The press releases have been coming thick and fast this week so I thought I'd post them up in one go.
1. Military Rd gets new bike lanes:
The Department of Planning, Transport and Infrastructure (DPTI) will begin the installation bicycle lanes on Military Road between Bower Road and Dunstone Road, Semaphore Park next week.
The bicycle lanes to improve safety for cyclists will be operational once line-marking and signs are in place.
They will operate during peak traffic periods from 7.30 am to 9.00 am and 4.30 pm to 6.00 pm from Monday to Friday, in both directions.
2. Churchill Rd gets new bike lanes between Torrens Road and Regency Road.
The lanes will be installed between Avenue Rd to Castle Ave and Regency Rd to Albert St and are peak period lanes operating from 7.30 - 9am southbound and 4.30 - 6pm northbound. The aim of these new lanes are to fill in the gaps on Churchill and ensure consistency. There is a long letter with more info attached.
3. Greenway works - Improved safety near the Emerson Overpass for cyclists and pedestrians.
As part of the State Government’s Greenways project, pedestrians and cyclists will soon enjoy upgraded facilities near the Emerson Overpasswhich will make crossing South Road and Cross Road safer and easier.
The upgrade to the pedestrian and cyclist facilities seeks to improve safety, increase connections and provide off-road alternatives for cyclists to negotiate the intersection, including:
- modifications to the pedestrian and cyclist refuge islands at the intersection enabling increased space for pedestrians and cyclists waiting to cross over Cross Road.
- upgrading existing foot paths to shared walking and cycling paths.
- installing ramps leading up to the cyclist and pedestrian tunnel under Cross Road.
Works are scheduled to begin late April 2012 and are expected to be completed end of May 2012, weather permitting.
Due to work done on a new playground around the Bonython Park kiosk, the path by the kiosk will be closed for a few months, as will the bit of the Park Lands Trail from Port Road to the Torrens. Cyclists using the Park Lands Trail will be directed via Gaol Road instead. Release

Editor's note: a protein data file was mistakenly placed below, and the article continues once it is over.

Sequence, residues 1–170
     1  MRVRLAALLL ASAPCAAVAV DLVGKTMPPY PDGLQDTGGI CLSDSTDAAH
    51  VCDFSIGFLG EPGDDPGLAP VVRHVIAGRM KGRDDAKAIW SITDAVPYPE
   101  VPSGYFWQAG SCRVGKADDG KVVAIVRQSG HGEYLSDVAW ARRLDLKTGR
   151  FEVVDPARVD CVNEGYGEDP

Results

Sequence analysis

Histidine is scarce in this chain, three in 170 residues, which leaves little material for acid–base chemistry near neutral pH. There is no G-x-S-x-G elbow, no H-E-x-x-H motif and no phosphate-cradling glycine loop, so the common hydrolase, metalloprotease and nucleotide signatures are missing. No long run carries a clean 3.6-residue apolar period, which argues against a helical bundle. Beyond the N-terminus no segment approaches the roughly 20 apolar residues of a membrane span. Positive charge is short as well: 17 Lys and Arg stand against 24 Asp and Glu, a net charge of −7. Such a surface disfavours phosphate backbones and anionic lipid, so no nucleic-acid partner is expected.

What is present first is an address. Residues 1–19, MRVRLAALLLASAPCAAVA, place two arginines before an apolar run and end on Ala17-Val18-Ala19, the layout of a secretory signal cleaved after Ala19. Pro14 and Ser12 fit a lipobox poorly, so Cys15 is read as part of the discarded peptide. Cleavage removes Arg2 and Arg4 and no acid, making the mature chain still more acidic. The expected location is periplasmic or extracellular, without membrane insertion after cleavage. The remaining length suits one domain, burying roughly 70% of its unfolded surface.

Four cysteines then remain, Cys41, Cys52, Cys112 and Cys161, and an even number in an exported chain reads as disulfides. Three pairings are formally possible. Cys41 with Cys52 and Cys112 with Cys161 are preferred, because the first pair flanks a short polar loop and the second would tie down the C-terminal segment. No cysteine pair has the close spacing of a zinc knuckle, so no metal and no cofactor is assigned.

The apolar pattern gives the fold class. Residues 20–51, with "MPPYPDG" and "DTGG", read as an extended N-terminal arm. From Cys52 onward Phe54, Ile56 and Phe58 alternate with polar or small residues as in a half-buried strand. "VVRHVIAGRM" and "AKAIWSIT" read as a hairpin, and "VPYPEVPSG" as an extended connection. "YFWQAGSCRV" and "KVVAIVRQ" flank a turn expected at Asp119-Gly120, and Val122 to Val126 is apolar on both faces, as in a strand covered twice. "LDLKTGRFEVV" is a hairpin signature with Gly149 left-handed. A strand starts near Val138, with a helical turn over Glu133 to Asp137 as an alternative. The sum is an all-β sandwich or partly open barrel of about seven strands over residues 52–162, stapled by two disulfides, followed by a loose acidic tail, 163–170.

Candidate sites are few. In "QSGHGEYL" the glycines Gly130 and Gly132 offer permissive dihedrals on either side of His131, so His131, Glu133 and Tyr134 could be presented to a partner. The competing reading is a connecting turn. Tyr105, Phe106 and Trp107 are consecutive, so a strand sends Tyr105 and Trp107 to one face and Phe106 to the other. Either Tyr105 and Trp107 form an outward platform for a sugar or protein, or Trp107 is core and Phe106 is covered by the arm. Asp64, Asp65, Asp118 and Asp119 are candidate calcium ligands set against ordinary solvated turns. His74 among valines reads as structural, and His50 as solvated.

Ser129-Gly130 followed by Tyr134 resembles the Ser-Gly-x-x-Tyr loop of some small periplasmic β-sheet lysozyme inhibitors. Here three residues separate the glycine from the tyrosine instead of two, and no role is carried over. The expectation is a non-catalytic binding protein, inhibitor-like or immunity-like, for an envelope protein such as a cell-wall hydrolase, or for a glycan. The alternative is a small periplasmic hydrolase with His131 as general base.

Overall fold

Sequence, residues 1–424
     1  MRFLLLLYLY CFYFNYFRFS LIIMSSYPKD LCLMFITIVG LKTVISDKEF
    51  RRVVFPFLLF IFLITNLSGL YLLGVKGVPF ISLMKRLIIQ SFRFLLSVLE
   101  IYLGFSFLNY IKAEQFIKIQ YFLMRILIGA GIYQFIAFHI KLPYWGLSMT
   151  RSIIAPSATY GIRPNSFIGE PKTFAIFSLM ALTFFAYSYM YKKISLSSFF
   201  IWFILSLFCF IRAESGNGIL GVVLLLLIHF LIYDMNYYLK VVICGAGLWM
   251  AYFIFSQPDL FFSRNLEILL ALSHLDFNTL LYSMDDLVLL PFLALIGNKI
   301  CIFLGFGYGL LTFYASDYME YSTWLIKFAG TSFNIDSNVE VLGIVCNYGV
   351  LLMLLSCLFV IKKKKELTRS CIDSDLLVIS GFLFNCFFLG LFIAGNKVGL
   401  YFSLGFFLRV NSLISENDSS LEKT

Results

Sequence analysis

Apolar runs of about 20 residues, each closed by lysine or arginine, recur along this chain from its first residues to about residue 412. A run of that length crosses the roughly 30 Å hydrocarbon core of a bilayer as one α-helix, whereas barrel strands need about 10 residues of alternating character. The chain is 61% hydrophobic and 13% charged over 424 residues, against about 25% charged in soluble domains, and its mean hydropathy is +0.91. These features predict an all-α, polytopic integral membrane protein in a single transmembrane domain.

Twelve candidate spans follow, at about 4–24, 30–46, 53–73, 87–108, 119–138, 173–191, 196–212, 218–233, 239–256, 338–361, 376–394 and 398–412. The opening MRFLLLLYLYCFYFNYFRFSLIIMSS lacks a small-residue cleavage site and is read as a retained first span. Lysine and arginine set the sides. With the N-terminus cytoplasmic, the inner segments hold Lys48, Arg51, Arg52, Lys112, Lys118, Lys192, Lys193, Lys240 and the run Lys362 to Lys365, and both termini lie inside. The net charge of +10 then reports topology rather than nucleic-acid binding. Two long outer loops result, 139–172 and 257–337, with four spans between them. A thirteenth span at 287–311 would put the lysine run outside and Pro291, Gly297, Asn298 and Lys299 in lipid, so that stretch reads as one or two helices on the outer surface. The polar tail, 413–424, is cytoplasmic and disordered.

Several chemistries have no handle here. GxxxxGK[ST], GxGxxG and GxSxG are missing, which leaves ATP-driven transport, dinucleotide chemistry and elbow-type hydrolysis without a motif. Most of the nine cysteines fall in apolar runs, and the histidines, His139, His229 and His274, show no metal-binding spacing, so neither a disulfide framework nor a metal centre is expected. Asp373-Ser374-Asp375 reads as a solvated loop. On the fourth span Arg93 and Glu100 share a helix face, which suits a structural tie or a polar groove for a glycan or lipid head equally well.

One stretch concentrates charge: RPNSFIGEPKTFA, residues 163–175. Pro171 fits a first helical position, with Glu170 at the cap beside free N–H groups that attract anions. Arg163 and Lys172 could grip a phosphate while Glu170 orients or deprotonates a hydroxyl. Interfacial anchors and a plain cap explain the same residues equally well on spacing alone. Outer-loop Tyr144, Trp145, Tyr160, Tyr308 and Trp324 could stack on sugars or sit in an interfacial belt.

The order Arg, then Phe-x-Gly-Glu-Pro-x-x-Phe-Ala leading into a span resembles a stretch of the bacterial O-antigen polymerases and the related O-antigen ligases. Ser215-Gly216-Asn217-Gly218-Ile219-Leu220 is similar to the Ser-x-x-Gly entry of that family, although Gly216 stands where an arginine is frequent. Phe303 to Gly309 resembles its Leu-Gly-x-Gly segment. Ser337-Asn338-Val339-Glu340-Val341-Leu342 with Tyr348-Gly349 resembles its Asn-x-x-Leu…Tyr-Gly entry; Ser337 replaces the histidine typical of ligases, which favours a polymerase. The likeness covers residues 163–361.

Hopefully tho the motorist is slowing for the roundabout. I'm sure the designers are expecting the more experienced and confident cyclist to be taking control of the lane prior to the end of the bike lane as you suggest.
Yep its a bit of a botch job. The "corrected" line marking just fires you into the path of cars coming up behind. I guess now all the traffic islands are in place its tricky to fix properly. I'd prefer that they painted the bike lane bright green with a whopping big bike symbol, and then just leave it as dashed lines
I think you are missing the point. According to previous posts the bike lane leads you to the roundabout and the bikerider takes control of and rides in the middle of the traffic lane. If you think about it if the bike lane continued right up to the island the cyclist would be caught out on the left hand side of the lane and find it very difficult to make a right hand turn and cross the line of traffic coming from behind that is going straight on. A confident cyclist will have entered the traffic lane prior to the merge a less confident cyclist will prop in the bike lane and wait for a gap in the traffic to enter and ride in the middle of the traffic lane. As I think Sophia has said earlier this is the training given to kids at school.
My understanding of the linemarking is that dashed lines can be crossed by cyclists and cars and therefore indicate crossing points. If it was dashed lines all the way Cars could cross it anywhere right up to the splitter island legally.
To the people who can identify the before and after photos of bicycle lane marking on Military Road. I reported the hazard. For my records, please let me know which suburb/s: Semaphore South, Ethelton, West Lakes Shore or Semaphore Park. Near Bower Road, so could be any of the 4.